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Lawmakers face dilemma with Ohio overseas and military voter ballots

Ohio ballots prepared for mailing
Daniel Konik
Statehouse News Bureau
Ohio ballots prepared for mailing

Ohio has another hurdle to clear for the May 3 primary after the federal government rejected a request to delay the delivery of overseas and military voter ballots.

State legislators are considering making changes to the May primary for Ohio voters who live overseas or are serving in the military.

Local boards of elections are running behind in preparing ballots for those voters due to the state's delay in finalizing state legislative and congressional district maps.

The ballots must be sent to overseas and military voters 45 days before election day, a deadline officials say cannot be met. Secretary of State Frank LaRose (R-Ohio) requested a waiver by the federal government to delay the delivery of those ballots but that waiver was denied.

The Ohio Senate plans to meet for an impromptu session Tuesday to address the problem. A Senate source says it's possible the lawmakers will propose extending the required return date for overseas and military voters beyond May 3.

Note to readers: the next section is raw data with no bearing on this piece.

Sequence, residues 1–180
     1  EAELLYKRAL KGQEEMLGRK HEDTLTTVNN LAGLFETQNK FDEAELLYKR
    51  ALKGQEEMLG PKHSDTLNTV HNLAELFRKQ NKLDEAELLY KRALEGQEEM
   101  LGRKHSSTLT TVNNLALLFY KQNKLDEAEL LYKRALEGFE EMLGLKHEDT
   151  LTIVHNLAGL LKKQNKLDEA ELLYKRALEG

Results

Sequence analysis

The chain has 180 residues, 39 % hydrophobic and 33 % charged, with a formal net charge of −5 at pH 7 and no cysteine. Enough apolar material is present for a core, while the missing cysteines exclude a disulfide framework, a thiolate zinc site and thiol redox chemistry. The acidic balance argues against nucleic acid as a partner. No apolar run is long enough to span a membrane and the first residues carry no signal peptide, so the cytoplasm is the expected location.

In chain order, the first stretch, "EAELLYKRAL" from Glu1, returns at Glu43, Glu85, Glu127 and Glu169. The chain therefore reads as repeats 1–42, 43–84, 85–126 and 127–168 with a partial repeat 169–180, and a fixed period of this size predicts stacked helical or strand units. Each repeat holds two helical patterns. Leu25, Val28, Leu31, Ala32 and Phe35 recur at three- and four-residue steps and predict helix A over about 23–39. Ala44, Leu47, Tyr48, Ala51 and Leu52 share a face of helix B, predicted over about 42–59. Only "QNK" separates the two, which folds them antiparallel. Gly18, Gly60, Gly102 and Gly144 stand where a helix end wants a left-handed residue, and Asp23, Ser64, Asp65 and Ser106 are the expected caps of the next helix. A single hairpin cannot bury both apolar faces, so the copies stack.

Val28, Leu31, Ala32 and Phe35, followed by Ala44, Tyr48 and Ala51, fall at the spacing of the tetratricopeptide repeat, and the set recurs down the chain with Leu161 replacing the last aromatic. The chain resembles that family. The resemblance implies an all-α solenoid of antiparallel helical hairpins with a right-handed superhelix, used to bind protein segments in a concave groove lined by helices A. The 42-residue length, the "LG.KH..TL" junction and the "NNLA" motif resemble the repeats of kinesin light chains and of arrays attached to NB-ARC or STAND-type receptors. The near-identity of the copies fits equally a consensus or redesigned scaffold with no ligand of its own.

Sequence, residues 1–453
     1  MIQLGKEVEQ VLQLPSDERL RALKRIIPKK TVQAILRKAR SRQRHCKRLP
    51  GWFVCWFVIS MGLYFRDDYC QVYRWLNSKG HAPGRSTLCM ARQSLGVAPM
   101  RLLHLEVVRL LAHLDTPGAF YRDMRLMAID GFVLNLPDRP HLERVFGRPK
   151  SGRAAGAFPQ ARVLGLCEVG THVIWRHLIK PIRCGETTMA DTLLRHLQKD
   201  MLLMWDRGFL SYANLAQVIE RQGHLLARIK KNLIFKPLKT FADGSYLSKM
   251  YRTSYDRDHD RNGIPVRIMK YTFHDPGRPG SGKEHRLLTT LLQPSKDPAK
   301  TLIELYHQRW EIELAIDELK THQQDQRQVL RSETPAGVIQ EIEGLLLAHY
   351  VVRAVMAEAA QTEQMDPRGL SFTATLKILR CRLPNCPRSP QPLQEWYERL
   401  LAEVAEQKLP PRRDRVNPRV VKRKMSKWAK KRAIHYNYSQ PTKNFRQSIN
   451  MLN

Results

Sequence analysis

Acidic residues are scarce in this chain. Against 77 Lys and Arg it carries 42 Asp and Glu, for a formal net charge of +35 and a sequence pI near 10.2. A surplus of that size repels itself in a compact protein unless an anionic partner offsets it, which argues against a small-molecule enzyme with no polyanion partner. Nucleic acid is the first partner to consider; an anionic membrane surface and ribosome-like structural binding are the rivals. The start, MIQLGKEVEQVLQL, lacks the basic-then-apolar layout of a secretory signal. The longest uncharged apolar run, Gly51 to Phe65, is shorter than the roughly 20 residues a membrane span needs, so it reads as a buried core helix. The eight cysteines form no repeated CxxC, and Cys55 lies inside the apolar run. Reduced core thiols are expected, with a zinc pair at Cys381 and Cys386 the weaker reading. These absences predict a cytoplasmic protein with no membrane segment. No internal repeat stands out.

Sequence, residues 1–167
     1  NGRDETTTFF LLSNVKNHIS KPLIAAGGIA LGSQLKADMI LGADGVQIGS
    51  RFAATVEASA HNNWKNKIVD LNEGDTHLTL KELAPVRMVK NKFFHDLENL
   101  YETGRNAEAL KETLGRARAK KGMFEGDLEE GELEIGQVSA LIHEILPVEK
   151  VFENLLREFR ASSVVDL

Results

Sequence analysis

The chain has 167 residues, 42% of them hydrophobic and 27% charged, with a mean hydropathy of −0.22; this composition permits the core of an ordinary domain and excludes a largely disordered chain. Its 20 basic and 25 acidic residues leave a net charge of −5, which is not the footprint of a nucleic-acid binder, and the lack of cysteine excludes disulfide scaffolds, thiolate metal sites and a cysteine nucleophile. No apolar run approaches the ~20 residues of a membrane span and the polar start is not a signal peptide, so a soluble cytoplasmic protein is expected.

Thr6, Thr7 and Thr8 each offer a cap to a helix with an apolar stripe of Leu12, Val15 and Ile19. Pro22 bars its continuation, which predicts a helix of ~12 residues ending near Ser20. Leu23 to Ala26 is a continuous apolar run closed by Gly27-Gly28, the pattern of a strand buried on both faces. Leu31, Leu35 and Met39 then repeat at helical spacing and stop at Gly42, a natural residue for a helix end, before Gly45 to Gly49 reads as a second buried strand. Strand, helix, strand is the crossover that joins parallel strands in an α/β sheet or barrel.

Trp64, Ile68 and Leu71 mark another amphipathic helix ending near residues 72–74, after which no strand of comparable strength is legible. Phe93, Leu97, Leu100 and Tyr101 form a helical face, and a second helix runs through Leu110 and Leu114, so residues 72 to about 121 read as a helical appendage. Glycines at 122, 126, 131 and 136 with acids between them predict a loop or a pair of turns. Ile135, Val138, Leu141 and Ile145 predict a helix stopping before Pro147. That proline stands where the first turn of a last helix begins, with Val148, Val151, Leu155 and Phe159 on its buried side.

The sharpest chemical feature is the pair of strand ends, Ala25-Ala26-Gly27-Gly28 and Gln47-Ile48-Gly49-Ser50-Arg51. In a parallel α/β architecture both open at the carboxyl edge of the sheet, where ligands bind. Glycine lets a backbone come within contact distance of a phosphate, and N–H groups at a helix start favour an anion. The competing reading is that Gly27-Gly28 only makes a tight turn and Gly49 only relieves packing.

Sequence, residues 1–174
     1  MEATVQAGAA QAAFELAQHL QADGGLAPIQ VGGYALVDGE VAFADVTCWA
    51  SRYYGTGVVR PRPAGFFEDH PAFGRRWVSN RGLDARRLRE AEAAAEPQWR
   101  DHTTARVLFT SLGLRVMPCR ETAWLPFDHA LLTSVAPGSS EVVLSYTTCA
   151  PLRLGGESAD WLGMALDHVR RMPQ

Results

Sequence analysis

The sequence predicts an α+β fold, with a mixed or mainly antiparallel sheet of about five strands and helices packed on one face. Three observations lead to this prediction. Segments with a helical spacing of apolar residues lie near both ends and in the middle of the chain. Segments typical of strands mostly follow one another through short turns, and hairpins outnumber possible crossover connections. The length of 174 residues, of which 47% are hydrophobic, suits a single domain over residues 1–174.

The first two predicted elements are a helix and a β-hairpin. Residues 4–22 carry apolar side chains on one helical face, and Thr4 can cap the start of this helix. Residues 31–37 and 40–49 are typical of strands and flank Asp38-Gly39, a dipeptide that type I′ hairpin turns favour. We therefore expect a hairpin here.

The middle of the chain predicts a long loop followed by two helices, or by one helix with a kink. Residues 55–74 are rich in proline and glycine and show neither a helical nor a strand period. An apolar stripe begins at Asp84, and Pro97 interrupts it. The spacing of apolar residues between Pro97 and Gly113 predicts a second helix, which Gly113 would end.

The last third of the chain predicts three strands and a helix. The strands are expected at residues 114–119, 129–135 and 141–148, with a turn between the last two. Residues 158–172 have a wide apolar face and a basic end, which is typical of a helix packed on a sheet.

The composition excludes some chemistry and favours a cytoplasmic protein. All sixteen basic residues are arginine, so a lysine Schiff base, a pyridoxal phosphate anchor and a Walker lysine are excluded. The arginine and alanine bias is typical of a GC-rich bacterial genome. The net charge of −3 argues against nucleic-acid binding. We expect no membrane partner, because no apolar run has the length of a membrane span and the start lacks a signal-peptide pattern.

House Minority Leader Allison Russo (D-Upper Arlington) points the blame at Republicans who have approved three district map plans that were deemed unconstitutional by the Ohio Supreme Court.

"Our service men and women protect our freedom to vote every single day, but now, Republicans are playing politics with the votes of these service members. We can still easily move the primary to ensure all Ohioans have the opportunity to cast their ballots," says Russo.

Republicans on the Ohio Redistricting Commission have approved two state legislative district plans that were invalidated by the court. A congressional plan approved by Republicans in the House and Senate was also rejected.

A new set of plans for state legislative and congressional district maps have been adopted by the redistricting commission, but all three maps are now pending in court.

Senate President Matt Huffman (R-Lima) says they might consider moving the May 3 primary for all voters and offices if the court were to take action again on any of the pending maps.

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